End to coal power brought forward to 2024

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From 1 October 2024 Great Britain will no longer use coal to generate electricity, a year earlier than planned, Energy and Climate Change Minister Anne-Marie Trevelyan has announced.

The UK government will introduce new legislation to do this ‘at the earliest opportunity.’

The Energy and Climate Change Minister commented: “Coal powered the industrial revolution 200 years ago, but now is the time for radical action to completely eliminate this dirty fuel from our energy system.

“Today we’re sending a clear signal around the world that the UK is leading the way in consigning coal power to the history books and that we’re serious about decarbonising our power system so we can meet our ambitious, world-leading climate targets.

“The UK’s net zero future will be powered by renewables, and it is this technology that will drive the green industrial revolution and create new jobs across the country.”

In 2020, the UK generated 43.1% of its electricity from renewable sources, including wind (24.2%), bioenergy (12.6%), solar (4.2%), and hydro (2.2%). Coal only consisted of 1.8 % of the year’s electricity generation, and nuclear generation made up a further 16.1%.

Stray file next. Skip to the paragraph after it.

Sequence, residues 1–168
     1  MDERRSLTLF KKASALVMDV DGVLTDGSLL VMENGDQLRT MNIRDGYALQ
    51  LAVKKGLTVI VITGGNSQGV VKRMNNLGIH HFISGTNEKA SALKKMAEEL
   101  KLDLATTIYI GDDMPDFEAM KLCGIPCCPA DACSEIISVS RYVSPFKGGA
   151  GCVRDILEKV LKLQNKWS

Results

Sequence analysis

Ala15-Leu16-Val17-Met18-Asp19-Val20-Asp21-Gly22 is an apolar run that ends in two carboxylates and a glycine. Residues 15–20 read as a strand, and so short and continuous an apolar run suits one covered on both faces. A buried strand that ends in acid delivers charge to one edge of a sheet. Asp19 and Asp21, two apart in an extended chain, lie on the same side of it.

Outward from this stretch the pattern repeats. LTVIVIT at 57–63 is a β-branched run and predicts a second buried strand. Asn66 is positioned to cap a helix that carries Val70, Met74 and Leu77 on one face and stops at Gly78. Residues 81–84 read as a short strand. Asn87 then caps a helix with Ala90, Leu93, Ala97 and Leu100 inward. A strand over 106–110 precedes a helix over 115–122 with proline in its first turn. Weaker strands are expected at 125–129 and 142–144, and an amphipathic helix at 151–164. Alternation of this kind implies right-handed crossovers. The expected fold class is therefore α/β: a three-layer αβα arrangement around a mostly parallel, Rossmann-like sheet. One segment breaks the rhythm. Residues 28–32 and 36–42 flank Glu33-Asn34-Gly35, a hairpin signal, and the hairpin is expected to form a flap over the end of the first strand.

The UK went 5,000 hours without coal-fired electricity in 2020, and earlier this year broke a new wind power record, with just over a third of the country’s energy coming from wind.

The UK government has already ended its support for the fossil fuel energy sector overseas earlier this year.

In May, under the UK’s leadership, G7 Climate and Environment Ministers agreed to end all new finance for coal power by the end of 2021 and to accelerate the transition away from unabated coal capacity and to an overwhelmingly decarbonised power system in the 2030s.

According to the Impact Assessment published alongside the government’s consultation on bringing forward the date to end coal generated electricity that examined potential indirect impacts on coal mines, the analysis indicated that setting a closure date of either 2025 or 2024 is ‘unlikely’ to have a significant impact on the UK coal mining sector.

This is stated to be predominantly due to the fact that coal mining in the UK has ‘already been in decline in recent years’, reflecting a competitive global market and falling domestic demand.

In March this year, for the first time ever, coal-fired power plants did not participate in the four-year ahead Capacity Market auction, which secures the electricity capacity Great Britain needs to cope with peaks in demand in 2024 to 2025 at a low cost to consumers.

Going forward, coal power plants will not be able participate in any future Capacity Market auctions due to the introduction of Emissions Limits to the Capacity Market.

This policy only applies to coal used to generate electricity, not to other coal consumers such as the steel industry, nor to domestic coal mines.

The consultation outcome of ‘Early phase out of unabated coal generation in Great Britain’ is available on the UK Government website.